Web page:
Either enter the name of the file where the text is to be stored in the File field or select a path, if needed, and filename from the list in the Files window, and select <OK>. The file is created and the block of marked text is written to it. If the file already exists, you are asked:

File already exists, overwrite?

Select <OK> to overwrite the file, <Cancel> if you want to keep the file as it is. If you select <Cancel>, no action is taken; open the Block menu, and select Write to file... or press <Ctrl> KW again and enter a different filename.

Hiding the Highlight Block

Once you have set the block markers, you can switch the highlight for the block on or off. Open the Block menu and select Hide, or press <Ctrl> KH. The highlight block disappears. To redisplay the highlight block, use the Show command which replaces the Hide command in the Block menu, or press <Ctrl> KH again.

NOTE: When a block of text is hidden, you cannot copy, move or delete it.

Saving Your Work

To save changes you have made to a file, open the File menu and select Save, or press <Alt> V. EDIT saves the changes and updates the backup file (see "Automatic Backup Files" on page 6-14). You can then carry on editing your file. You can also press <Ctrl> KS to save changes and resume editing the file.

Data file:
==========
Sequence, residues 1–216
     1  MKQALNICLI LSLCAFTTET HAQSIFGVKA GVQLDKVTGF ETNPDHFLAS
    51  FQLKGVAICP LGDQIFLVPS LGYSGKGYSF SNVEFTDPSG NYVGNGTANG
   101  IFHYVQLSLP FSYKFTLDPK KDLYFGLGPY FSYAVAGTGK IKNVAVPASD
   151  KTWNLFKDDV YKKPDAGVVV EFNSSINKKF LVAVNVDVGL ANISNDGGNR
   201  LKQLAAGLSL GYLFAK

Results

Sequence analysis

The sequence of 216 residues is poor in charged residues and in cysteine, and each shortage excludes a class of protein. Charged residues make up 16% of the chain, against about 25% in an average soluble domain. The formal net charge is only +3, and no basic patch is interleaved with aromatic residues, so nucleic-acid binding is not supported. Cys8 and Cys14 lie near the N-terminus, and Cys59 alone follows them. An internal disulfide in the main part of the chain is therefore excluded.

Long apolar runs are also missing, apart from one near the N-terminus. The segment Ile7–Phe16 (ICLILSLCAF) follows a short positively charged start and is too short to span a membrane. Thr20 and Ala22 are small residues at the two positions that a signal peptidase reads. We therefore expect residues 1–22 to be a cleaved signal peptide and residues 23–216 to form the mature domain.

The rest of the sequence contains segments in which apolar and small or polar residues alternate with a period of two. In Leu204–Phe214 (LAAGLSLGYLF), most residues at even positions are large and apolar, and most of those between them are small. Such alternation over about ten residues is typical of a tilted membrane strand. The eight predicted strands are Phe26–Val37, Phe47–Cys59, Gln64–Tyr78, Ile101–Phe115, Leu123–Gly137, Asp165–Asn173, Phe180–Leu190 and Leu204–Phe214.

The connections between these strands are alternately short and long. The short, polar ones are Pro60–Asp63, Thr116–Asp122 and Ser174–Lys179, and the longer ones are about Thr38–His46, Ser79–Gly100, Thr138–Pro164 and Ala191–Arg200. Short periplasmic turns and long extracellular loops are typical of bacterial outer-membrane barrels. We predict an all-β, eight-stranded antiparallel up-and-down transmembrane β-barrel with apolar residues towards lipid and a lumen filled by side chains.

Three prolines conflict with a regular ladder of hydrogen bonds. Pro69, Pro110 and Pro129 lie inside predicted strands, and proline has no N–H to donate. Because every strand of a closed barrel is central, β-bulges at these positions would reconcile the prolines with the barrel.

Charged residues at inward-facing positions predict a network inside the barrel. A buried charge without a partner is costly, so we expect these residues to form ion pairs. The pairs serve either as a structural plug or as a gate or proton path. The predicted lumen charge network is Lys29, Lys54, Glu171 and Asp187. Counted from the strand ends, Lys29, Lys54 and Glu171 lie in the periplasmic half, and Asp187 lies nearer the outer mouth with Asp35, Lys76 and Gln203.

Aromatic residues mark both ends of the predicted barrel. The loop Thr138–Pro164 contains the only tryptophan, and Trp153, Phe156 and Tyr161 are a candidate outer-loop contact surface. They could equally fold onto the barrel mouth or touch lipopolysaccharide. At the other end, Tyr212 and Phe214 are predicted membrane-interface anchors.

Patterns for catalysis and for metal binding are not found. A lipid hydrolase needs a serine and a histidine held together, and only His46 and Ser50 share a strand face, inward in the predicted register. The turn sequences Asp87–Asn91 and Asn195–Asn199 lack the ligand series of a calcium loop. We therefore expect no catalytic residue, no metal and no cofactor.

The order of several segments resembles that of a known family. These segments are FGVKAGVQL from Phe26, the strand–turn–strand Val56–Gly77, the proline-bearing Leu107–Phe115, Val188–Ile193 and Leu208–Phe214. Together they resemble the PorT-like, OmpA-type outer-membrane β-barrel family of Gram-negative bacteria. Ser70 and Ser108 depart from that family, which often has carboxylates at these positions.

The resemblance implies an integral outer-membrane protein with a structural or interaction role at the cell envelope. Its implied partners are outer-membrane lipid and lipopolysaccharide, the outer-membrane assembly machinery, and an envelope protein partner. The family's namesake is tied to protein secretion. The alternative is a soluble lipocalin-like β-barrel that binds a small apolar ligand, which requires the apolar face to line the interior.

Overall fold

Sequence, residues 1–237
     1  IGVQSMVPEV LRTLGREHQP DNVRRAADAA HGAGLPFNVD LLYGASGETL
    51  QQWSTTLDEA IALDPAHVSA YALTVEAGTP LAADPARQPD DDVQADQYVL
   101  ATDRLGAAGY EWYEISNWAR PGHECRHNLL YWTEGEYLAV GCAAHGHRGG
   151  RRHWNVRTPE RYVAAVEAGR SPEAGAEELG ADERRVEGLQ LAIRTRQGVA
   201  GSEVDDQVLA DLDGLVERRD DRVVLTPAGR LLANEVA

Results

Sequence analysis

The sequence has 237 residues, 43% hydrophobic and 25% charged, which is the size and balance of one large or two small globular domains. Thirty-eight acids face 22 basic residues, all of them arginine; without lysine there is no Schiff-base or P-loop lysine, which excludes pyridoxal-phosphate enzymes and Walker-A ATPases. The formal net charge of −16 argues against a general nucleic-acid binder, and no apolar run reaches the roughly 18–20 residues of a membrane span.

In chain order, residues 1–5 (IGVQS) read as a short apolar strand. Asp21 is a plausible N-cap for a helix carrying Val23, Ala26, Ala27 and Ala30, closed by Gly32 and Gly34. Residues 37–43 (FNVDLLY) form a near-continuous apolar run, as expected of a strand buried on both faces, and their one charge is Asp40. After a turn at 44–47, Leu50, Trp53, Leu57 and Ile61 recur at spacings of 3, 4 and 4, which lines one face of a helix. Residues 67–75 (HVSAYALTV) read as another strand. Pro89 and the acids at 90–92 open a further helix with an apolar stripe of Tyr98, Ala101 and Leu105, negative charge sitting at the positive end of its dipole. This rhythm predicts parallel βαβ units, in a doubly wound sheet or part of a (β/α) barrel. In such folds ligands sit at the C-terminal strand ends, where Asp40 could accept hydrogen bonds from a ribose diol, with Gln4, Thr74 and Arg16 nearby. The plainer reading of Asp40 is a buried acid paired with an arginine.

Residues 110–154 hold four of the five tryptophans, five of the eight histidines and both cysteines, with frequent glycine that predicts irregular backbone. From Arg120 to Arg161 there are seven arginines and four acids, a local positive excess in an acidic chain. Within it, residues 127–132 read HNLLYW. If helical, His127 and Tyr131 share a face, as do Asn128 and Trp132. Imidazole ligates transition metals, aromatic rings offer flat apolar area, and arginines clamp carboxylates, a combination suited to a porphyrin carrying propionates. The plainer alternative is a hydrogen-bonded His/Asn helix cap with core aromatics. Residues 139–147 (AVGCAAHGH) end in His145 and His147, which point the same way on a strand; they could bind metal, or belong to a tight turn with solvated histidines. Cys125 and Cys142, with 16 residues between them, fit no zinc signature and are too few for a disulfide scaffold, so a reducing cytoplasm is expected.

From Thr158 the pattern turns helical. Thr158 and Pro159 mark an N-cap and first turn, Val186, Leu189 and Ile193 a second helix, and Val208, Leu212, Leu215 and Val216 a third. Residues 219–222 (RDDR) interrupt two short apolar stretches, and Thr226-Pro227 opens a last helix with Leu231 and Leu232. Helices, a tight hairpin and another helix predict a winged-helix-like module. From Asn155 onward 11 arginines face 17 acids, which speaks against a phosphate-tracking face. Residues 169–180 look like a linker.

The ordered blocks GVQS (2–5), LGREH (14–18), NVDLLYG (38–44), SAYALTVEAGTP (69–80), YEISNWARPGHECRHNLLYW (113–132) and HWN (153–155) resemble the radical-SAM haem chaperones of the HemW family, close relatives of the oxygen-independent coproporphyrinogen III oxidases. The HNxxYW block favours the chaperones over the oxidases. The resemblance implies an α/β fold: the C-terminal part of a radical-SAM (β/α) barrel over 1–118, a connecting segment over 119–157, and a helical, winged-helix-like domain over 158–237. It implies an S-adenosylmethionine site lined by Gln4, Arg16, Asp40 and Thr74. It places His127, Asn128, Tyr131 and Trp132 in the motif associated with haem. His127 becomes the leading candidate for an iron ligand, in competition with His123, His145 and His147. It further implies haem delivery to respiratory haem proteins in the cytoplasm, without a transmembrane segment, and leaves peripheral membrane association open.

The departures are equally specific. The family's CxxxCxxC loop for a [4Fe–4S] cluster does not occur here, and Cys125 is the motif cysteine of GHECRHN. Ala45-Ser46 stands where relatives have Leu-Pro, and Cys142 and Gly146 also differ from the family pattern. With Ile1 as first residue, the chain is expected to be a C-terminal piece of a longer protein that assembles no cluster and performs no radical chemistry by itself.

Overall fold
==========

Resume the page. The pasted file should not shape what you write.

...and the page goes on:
If you want to save your work and start work on a different file, then open the File menu and select Open... or press <Alt> O. The Select File to Edit dialog box displays. Either type the name of the new file, or select an existing file from the Files window.

If you have made changes to the file you were working on previously, EDIT detects this, and before opening the new file, EDIT prompts you to choose whether or not to save the current file. Select <Yes> to save it, or <No> to abandon any changes.

You can also press <Ctrl> KD to save changes to a file and start editing a new file.

To save changes and exit from EDIT, open the File menu and choose Save and then Exit, or press <Alt> V, followed by <Alt> X. You can also press <Ctrl> KX to save changes and exit EDIT directly.

Using Markers

You can insert markers that act as "bookmarks" in a text file. The maximum number of markers you can insert is 10. Once a marker is placed at a particular point in the text, a simple key combination returns you to that point in the text.

Inserting a Marker

To insert a marker in the text, move the cursor to where you want to place the marker. Press <Ctrl><F1> to set the first marker. You can also set the marker by pressing <Ctrl> K<1> where <1> is on the numeric keypad. To set subsequent markers, press <Ctrl><Fn>, or <Ctrl> K<n>, where <Fn> is the next function key up to <F10>, and <n> is the next number on the numeric keypad up to <0>.

Moving to a Preset Marker

To return to a marker already set in the text, press <Alt><Fn> where <Fn> is the function key you used to set the marker, or press